Condemning plans to hold an anti-India march in London on the Kashmir issue on Diwali next Sunday, Mayor Sadiq Khan has said it would deepen divisions in the United Kingdom (UK) capital and called on the organisers and prospective participants to cancel the protest rally.
Metropolitan Police reported details on the permissions sought for the proposed march; an estimated 5,000-10,000 protesters plan to commence their march from Richmond Terrace near Downing Street and converge outside the Indian High Commission in London.
"I absolutely condemn the plans for a protest march to take place on the auspicious day of Diwali, in the vicinity of the Indian High Commission in London. This march will only deepen divisions at a time when Londoners need to come together. That is why I am calling on those organising the march and all those considering taking part in it to think again and cancel their plans,” said the Pakistan-origin London Mayor in response to a letter by Indian-origin London Assembly member Navin Shah.
He said that his City Hall office would be working with Scotland Yard to ensure a robust policing plan was in place if the march goes ahead.
In response to Shah's request to consider seeking permission to ban the protest due to public disorder fears, he added, “As you know, the power to ban marches of this nature lies solely with the Home Secretary, not with me as the Mayor of London. I am copying this letter to both the Home Secretary, Priti Patel, and Metropolitan Police Commissioner, Cressida Dick, so they can clearly see the extent of my concerns about this march.”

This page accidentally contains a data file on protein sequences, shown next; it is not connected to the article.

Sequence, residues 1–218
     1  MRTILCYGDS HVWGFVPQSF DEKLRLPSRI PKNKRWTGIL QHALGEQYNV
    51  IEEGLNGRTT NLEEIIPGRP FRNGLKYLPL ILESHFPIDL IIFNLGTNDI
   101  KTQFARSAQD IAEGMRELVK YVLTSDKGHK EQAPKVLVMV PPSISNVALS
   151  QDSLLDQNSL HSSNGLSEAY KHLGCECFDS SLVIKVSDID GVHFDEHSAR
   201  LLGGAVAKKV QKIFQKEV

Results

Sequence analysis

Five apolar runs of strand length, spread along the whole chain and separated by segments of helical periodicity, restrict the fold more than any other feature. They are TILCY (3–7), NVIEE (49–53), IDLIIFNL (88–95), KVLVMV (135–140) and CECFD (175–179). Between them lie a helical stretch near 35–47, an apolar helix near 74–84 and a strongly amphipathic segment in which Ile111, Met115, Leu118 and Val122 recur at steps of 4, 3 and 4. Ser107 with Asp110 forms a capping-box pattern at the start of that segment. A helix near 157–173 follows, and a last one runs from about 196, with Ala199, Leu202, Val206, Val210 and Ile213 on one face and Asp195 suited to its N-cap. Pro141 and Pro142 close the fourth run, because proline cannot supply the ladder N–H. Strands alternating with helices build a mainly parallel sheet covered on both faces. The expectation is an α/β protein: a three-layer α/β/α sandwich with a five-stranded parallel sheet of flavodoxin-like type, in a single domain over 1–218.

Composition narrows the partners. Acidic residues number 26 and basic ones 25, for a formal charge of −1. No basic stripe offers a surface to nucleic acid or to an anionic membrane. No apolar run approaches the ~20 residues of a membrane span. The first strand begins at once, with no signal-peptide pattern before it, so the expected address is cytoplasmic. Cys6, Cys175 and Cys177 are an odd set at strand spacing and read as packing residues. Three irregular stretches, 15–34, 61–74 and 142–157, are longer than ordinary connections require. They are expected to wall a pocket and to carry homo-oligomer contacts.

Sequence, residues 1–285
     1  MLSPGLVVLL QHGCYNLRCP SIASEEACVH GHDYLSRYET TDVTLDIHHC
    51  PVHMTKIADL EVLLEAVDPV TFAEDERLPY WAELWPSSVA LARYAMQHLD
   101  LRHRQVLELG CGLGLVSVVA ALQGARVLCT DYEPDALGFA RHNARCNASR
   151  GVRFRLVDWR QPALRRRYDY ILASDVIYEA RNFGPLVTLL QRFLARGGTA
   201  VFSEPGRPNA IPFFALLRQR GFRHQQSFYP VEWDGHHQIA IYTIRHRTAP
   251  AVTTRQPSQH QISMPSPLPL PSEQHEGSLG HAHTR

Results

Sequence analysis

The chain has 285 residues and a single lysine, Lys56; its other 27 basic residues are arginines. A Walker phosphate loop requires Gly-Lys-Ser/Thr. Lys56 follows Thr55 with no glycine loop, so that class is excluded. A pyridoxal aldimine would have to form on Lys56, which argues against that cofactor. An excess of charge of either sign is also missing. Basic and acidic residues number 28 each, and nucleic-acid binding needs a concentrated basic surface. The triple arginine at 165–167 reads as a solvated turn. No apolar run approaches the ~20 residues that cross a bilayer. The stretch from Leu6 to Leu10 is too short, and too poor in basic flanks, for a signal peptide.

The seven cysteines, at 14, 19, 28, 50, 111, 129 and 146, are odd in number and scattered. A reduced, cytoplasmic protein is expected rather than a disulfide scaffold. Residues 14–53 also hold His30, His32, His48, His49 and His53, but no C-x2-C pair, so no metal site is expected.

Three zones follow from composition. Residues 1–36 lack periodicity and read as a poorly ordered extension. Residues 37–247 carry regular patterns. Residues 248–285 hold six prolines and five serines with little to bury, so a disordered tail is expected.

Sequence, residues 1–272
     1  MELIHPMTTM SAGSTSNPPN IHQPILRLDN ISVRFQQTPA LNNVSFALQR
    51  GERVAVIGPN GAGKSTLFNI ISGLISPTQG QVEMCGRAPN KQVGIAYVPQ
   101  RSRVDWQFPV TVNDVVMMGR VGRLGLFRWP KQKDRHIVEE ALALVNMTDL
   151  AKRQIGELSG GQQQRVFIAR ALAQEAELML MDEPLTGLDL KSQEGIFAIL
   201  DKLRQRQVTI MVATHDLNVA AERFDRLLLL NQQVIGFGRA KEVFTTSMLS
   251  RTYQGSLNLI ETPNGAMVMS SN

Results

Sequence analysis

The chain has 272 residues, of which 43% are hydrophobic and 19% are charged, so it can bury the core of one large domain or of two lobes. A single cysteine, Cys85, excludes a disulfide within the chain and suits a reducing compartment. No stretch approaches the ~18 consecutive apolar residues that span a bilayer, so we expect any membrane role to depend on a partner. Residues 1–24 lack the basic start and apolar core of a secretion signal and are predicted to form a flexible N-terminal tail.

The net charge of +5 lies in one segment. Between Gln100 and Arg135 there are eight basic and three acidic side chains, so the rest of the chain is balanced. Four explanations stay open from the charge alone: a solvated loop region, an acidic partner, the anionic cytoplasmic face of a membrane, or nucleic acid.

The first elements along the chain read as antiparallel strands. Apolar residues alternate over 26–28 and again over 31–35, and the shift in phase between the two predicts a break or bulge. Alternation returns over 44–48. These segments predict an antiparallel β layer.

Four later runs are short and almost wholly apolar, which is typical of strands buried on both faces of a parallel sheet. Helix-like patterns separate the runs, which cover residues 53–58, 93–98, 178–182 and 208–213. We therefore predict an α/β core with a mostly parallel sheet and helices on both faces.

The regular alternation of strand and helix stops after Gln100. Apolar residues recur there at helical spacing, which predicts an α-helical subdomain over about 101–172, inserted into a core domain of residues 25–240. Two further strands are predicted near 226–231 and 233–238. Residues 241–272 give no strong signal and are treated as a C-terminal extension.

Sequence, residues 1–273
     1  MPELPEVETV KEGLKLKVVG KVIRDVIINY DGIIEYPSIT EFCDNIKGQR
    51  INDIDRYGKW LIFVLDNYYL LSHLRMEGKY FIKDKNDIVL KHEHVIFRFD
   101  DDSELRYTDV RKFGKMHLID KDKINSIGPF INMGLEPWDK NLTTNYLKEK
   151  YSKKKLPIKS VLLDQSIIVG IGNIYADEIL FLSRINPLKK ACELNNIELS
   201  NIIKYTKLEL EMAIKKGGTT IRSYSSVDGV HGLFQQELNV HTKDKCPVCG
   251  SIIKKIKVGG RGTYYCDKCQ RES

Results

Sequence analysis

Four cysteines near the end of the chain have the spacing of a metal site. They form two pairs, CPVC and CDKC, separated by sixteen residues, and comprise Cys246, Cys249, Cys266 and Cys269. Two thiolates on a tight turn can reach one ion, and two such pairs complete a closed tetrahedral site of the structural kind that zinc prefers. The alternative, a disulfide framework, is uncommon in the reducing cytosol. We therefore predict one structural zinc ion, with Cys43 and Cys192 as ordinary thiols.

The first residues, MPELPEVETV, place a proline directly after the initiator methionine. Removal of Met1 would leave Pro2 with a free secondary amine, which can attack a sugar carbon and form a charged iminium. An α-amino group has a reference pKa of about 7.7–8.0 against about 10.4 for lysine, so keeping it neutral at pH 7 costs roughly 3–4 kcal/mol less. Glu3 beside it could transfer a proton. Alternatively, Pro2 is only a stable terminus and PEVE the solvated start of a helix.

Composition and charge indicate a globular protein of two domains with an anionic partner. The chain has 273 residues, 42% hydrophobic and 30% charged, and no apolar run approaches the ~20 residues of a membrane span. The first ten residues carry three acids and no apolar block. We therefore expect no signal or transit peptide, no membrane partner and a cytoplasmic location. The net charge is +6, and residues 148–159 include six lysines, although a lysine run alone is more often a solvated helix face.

Shah, in his letter, recalled the violent clashes outside the Indian mission on August 15 between diaspora groups marking Independence Day and British Pakistani and separatist groups.
The latest letter exchange over the issue of Kashmir in the UK comes as Labour Party leader Jeremy Corbyn responded to another letter issued by 100 British-Indian organisations condemning the party's stance on Jammu and Kashmir. Corbyn in his response refused to amend or take back the resolution passed by his party regarding the “human rights crisis” in Kashmir.
He repeated his previous acknowledgement that some of the language used in an emergency motion passed by Opposition party last month could be misinterpreted, both in India and among the Indian diaspora, but stood by the party's view that it remains gravely concerned at the ongoing situation in Kashmir.